The Christmas season is a time of holiday cheer, or at least it should be. With recent events and our economy, that cheer has been significantly subdued.
Christmas shoppers were out as usual, packing the shopping centers, but the dollars spent have been more sparing. Between storms and economy woes, this season has taught us to be a little more careful with hard-earned dollars we might not get back.
Marshal Cohen, chief research analyst at NPD Inc., a market research firm with a network of analysts at shopping centers nationwide, calculates customer traffic over the weekend was the same as it was a year ago, but the dollars were not, says ABC Local.
Cohen says of the situation:
“There was this absence of joy for the holiday. There was no Christmas spirit. There have been just too many distractions.”
A stalemate between US Congress and the White House over the US budget could trigger a series of tax increases and spending cuts starting January 1, making many shoppers wonder if they’ll even have a job next year.
The shooting at Sandy Hook Elementary was bad enough, but combine this with Hurricane Sandy, the impending dockworkers’ strike along the east coast, and the Fiscal Cliff, and you have a genuine maelstrom of potential collapse across the nation.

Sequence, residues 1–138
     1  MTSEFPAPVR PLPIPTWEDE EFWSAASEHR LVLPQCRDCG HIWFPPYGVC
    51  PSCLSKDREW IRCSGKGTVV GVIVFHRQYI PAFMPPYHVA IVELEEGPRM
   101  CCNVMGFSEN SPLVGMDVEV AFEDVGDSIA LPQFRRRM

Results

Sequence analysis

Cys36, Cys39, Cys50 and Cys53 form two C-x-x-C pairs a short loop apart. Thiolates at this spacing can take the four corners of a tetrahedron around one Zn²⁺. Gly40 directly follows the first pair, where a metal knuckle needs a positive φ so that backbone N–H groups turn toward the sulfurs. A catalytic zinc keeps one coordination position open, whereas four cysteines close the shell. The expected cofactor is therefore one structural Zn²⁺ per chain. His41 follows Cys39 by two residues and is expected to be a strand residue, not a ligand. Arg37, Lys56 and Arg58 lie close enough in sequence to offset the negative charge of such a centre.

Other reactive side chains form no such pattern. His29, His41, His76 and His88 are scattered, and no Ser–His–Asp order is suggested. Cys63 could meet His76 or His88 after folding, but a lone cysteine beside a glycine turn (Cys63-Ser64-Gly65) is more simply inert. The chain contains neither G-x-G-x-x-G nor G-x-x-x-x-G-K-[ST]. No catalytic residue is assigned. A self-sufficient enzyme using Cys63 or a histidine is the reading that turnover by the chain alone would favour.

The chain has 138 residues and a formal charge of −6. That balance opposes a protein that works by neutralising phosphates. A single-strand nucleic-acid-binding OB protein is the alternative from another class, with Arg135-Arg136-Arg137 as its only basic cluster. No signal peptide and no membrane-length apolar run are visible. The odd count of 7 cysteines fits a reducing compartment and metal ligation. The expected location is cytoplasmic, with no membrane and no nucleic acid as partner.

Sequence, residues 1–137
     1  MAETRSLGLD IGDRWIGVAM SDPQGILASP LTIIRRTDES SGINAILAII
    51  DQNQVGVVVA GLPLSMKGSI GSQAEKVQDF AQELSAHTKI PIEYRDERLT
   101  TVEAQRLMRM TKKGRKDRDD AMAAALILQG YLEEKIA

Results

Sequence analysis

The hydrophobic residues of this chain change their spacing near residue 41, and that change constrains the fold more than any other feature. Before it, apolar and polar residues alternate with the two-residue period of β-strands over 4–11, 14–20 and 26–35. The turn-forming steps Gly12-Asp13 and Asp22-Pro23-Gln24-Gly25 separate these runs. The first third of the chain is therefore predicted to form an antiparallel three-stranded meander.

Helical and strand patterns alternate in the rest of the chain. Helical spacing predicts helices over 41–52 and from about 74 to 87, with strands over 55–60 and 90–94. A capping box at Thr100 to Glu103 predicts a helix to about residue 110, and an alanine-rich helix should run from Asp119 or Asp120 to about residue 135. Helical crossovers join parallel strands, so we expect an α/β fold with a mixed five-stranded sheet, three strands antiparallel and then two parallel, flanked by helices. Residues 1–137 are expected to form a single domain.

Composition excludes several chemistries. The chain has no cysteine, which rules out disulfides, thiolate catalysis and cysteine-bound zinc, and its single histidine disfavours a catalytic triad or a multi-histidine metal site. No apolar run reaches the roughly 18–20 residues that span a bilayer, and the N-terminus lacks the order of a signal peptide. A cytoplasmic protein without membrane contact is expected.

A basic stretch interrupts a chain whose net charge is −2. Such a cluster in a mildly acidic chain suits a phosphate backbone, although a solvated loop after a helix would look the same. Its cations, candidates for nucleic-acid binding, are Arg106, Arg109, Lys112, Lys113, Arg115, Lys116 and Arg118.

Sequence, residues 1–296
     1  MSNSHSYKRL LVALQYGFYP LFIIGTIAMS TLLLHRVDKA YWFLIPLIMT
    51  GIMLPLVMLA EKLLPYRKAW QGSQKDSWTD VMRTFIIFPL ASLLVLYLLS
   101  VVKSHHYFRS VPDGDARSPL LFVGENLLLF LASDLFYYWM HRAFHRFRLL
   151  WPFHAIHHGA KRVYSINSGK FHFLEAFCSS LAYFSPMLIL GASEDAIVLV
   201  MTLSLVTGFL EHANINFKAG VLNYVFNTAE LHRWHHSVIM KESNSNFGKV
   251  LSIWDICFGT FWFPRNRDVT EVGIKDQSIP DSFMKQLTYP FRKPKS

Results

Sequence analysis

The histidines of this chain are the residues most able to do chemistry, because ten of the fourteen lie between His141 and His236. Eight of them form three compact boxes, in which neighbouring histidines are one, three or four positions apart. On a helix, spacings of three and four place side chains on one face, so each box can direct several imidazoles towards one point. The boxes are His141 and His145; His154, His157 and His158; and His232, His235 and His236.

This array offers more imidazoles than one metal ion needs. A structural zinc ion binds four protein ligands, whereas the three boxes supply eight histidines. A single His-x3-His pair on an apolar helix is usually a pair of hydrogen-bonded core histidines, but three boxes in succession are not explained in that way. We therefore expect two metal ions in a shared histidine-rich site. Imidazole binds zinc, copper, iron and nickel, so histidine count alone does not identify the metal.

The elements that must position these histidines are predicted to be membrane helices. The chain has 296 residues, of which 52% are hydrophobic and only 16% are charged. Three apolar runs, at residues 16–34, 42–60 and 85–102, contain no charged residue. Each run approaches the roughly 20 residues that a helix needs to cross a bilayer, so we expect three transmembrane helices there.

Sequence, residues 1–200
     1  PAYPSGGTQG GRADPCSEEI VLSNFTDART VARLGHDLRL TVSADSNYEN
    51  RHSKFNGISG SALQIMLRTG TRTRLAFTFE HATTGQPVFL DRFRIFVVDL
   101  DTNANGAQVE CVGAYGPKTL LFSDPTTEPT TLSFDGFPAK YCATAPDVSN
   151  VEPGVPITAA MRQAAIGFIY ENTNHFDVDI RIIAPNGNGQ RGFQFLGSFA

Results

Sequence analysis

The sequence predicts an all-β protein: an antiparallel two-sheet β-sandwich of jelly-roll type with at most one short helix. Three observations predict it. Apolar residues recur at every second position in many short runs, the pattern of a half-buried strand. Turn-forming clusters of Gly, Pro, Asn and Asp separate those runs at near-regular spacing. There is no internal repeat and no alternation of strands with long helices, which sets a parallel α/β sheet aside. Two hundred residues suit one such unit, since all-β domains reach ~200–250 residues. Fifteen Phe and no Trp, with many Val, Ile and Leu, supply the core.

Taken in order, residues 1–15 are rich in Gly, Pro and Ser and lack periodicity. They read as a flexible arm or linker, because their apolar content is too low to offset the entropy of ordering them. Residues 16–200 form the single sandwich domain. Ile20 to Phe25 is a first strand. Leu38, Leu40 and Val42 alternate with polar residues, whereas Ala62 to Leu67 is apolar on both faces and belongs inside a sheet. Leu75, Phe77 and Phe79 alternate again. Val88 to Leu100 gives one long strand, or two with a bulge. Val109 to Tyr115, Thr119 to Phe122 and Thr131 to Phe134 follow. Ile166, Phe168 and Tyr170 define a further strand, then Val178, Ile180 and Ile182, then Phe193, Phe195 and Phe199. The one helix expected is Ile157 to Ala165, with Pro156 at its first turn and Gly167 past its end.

The Armageddon theorists almost gave us a way out, but that never happened. It is now the 24th of December and we’re still here.
Mall stores tried to boost our confidence and spending by hosting more sales, but, for Wendy McCloskey of Lebanon, Indiana, who went Christmas shopping Sunday at the Castleton Square Mall in Indianapolis, it wasn’t enough. She commented:
“I was so surprised. I figured they’d have better deals.”
And at The Garden State Plaza in New Jersey, Linda Fitzgerald said she didn’t feel like shopping this Christmas season, facing a sister’s cancer diagnosis alongside worries about the economy and the Connecticut shooting, states USA Today.
Fitzgerald, a 51-year-old nurse from Yonkers shopping with her 17-month-old granddaughter in tow said:
“It’s so hard to put yourself in the mood.”
Perhaps if America can pull itself out of this recession in time, we’ll look back on this Christmas season as a time of financial hardships that taught us to value what we have.